APA Headings and Subheadings | With Sample Paper
Headings and subheadings provide structure to a document. They signal what each section
is about and allow for easy navigation of the document.
APA headings have five possible levels. Each heading level is formatted differently.
Additional guidelines for APA headings
As well as the heading styles, there are some other guidelines to keep in mind:
- Double-space all text, including the headings.
- Use the same font for headings and body text (e.g., Times New Roman 12pt.).
- Don’t label headings with numbers or letters.
- Don’t add extra “enters” above or below headings.
How many heading levels should you use?
Depending on the length and complexity of your paper, you may not use all five heading levels. In fact, shorter student papers may have no headings at all.
It’s also perfectly fine for some sections in your paper to go as deep as five levels, where others use only heading level 1.
When to use which APA heading level
Heading level 1 is used for main sections like “Methods”, “Results”, and “Discussion”. There is no “Introduction” heading at the beginning of your paper because the first paragraphs are understood to be introductory.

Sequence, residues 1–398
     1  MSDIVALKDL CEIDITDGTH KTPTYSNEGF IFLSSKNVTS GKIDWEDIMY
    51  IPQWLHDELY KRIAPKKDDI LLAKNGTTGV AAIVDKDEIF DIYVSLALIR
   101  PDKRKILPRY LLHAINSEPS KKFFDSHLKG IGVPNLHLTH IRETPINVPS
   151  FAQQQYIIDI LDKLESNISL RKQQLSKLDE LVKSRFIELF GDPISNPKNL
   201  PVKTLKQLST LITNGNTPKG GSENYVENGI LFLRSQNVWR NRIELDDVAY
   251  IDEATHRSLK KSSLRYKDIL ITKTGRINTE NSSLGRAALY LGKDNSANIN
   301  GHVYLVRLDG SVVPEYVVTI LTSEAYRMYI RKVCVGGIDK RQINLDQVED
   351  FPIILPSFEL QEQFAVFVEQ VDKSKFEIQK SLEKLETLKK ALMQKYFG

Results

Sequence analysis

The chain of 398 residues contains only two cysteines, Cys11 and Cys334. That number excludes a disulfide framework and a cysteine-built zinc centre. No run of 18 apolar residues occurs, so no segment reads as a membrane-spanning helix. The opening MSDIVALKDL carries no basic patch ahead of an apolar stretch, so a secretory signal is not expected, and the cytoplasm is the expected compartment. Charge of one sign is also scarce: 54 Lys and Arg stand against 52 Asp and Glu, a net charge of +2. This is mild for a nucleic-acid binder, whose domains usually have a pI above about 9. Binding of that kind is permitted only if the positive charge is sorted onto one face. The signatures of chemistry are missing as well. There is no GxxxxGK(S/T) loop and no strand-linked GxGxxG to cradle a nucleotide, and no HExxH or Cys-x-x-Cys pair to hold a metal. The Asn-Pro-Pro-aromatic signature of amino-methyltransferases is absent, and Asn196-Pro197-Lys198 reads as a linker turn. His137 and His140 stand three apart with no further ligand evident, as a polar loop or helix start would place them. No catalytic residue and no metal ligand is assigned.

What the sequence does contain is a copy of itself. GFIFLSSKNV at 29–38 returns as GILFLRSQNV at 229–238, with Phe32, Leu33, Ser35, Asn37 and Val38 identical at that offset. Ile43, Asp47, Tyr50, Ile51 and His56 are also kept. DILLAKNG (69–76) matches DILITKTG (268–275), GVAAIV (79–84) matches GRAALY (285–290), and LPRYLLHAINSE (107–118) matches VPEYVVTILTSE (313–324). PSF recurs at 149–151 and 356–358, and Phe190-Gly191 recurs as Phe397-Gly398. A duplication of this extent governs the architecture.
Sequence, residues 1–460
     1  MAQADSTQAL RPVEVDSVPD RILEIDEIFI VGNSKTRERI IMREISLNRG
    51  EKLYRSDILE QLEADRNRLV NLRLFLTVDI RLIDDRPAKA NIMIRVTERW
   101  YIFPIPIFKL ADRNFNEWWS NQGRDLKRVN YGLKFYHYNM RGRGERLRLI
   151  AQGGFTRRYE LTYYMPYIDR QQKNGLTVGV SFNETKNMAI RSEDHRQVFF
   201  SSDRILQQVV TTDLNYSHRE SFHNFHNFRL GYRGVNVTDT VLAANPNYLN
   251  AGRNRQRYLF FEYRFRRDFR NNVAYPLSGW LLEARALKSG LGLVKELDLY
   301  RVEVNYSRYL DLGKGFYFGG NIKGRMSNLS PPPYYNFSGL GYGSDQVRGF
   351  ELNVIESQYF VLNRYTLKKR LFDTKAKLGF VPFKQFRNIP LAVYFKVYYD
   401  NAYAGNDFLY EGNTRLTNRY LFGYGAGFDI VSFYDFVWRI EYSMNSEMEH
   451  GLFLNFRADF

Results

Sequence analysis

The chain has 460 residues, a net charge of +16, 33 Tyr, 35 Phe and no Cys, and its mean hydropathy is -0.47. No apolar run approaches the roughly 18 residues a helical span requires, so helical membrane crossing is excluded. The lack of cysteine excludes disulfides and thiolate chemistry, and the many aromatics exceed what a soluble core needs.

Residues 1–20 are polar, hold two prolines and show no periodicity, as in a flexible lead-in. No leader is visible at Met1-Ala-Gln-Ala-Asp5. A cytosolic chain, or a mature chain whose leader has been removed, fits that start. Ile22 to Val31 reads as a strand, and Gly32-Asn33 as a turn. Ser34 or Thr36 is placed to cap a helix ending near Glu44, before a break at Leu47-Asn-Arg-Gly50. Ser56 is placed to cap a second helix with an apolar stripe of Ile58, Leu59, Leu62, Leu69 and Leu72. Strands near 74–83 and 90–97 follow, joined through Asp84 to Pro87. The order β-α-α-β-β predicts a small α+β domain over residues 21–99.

Heading level 2 is used for subsections under level 1. For example, under “Methods” (level 1) you may have subsections for “Sampling Method” and “Data Analysis” (level 2). This continues all the way down to heading level 5.
Always use at least two subheadings or none at all. If there is just one subheading, the top-level heading is sufficient.
Section labels vs headings
In addition to regular headings, APA works with “section labels” for specific parts of the paper. They’re similar to headings but are formatted differently. Section labels are placed on a separate line at the top of a new page in bold and centered.
Use section labels for the following sections in an APA formatted paper:
Sample paper with APA headings
Using heading styles in Word or Google Docs
Instead of formatting every heading individually, you can use the “Styles” feature in Word or Google Docs. This allows you to save the styling and apply it with just a click.
An added benefit of using the “Styles” feature is that you can automatically generate a table of contents.